Antibiotics in early life alter the murine colonic microbiome and adiposity

Department of Medicine, New York University School of Medicine, New York, New York 10016, USA.
Nature (Impact Factor: 41.46). 08/2012; 488(7413):621-6. DOI: 10.1038/nature11400
Source: PubMed


Antibiotics administered in low doses have been widely used as growth promoters in the agricultural industry since the 1950s, yet the mechanisms for this effect are unclear. Because antimicrobial agents of different classes and varying activity are effective across several vertebrate species, we proposed that such subtherapeutic administration alters the population structure of the gut microbiome as well as its metabolic capabilities. We generated a model of adiposity by giving subtherapeutic antibiotic therapy to young mice and evaluated changes in the composition and capabilities of the gut microbiome. Administration of subtherapeutic antibiotic therapy increased adiposity in young mice and increased hormone levels related to metabolism. We observed substantial taxonomic changes in the microbiome, changes in copies of key genes involved in the metabolism of carbohydrates to short-chain fatty acids, increases in colonic short-chain fatty acid levels, and alterations in the regulation of hepatic metabolism of lipids and cholesterol. In this model, we demonstrate the alteration of early-life murine metabolic homeostasis through antibiotic manipulation.

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Available from: Laura Michelle Cox, Feb 03, 2014
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    • "The composition of gut microbiota is constantly affected by antibiotics, which are routinely administered to treat various infections (Cho et al., 2010; Jernberg et al., 2010; Pérez-Cobas et al., 2012). Clinical research has shown that antibiotics induce diarrhoea (Alam and Mushtaq, 2009) in children and older patients, and could even cause IBD. "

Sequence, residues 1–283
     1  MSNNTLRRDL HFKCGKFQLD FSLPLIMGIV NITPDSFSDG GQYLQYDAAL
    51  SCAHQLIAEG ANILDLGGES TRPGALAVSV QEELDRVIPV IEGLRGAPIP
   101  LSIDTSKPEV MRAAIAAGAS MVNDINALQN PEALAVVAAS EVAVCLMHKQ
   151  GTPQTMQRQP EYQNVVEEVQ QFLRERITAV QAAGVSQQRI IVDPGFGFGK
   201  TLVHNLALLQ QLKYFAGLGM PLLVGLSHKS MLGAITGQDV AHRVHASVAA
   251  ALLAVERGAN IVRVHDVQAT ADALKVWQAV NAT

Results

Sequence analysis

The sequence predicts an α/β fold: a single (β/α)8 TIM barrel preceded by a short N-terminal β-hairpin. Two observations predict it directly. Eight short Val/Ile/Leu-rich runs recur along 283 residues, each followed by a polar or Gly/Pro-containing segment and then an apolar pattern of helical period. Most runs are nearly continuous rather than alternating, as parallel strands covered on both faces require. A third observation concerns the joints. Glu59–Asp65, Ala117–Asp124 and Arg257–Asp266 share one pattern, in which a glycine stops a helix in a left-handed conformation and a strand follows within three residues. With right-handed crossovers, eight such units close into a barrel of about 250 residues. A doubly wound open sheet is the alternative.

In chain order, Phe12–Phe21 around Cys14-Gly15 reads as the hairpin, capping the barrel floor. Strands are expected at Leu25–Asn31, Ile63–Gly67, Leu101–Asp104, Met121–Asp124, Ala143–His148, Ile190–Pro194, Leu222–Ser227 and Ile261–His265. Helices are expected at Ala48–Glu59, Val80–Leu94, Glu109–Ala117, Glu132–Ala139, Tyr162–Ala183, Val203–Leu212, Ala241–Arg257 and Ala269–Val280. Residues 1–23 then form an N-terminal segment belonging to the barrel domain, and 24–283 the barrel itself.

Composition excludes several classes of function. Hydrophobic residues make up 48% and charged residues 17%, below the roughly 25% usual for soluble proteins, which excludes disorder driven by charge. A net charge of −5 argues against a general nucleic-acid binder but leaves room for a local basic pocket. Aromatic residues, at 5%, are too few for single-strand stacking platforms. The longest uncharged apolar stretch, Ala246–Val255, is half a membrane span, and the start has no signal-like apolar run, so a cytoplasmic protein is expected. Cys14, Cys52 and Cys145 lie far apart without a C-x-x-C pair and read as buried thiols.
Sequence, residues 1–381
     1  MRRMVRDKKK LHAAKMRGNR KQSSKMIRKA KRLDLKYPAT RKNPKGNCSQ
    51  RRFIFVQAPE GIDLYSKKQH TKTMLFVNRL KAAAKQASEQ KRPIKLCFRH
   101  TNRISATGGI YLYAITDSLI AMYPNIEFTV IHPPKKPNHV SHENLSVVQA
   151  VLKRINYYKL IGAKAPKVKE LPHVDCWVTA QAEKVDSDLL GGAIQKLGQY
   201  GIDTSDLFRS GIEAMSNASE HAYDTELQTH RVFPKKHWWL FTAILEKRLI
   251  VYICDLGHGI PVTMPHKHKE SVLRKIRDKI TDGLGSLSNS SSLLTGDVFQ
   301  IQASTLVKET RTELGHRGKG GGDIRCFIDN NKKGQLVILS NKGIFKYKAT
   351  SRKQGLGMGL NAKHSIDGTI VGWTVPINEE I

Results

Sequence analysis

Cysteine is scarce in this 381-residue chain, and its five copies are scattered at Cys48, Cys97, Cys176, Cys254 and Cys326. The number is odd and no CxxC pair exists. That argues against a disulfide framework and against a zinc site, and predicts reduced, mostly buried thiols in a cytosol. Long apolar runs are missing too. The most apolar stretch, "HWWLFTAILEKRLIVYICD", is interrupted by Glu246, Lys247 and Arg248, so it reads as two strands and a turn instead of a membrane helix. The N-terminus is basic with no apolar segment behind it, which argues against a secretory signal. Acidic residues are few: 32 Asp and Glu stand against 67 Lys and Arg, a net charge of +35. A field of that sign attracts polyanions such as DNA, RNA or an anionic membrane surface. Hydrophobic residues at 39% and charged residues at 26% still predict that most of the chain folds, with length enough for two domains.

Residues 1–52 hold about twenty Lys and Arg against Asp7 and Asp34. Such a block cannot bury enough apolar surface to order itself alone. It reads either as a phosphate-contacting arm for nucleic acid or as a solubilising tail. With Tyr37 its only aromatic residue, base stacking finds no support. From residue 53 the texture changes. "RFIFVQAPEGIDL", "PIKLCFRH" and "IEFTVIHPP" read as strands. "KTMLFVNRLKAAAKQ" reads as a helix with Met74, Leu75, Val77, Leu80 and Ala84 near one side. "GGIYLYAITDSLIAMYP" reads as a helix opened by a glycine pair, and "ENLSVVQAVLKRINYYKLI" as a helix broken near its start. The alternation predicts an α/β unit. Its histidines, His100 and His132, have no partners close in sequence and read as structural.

T Wang · X Hu · S Liang · W Li · X Wu · L Wang · F Jin
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    ABSTRACT: Gut microbiota play a vital role in maintaining the health of the host. Many factors affect gut microbiota; application of broad range antibiotics disturb microbiota, while probiotic application protects the microbiota. To investigate how probiotics alter the physiological and psychological changes induced by antibiotics, we tested the performance of ampicillin-treated rats in the presence or absence of Lactobacillus fermentum strain NS9, in elevated plus maze and Morris water maze. The results showed that NS9 normalised the composition of gut microbiota and alleviated the ampicillin-induced inflammation in the colon. The levels of the mineralocorticoid and N-methyl-D-aspartate receptors were also elevated in the hippocampus of the ampillicin+NS9 treated group. NS9 administration also reduced the anxiety-like behaviour and alleviated the ampicillin-induced impairment in memory retention. These findings suggest that NS9 is beneficial to the host, because it restores the physiological and psychological abnormalities induced by ampicillin. Our results highlight how gut contents regulate the brain, and shed light on the clinical applications of probiotics to treat the side effect of antibiotics and mental disorders.
    Beneficial Microbes 04/2015; DOI:10.3920/BM2014.0177 · 2.61 Impact Factor
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    • "In this study antibiotic treatment from weaning induced significant diminution of microbial populations and taxonomic diversity in the adult mouse gut, which is consistent with previous reports using similar antibiotic regimens in adult mice (Cho et al., 2012; Reikvam et al., 2011; Verdu et al., 2006; Bercik et al., 2011; Zhang et al., 2014). Analysis of remaining gut bacteria in antibiotic-treated mice revealed a significant restructuring of the microbial community characterised by a decrease in the richness of bacterial species. "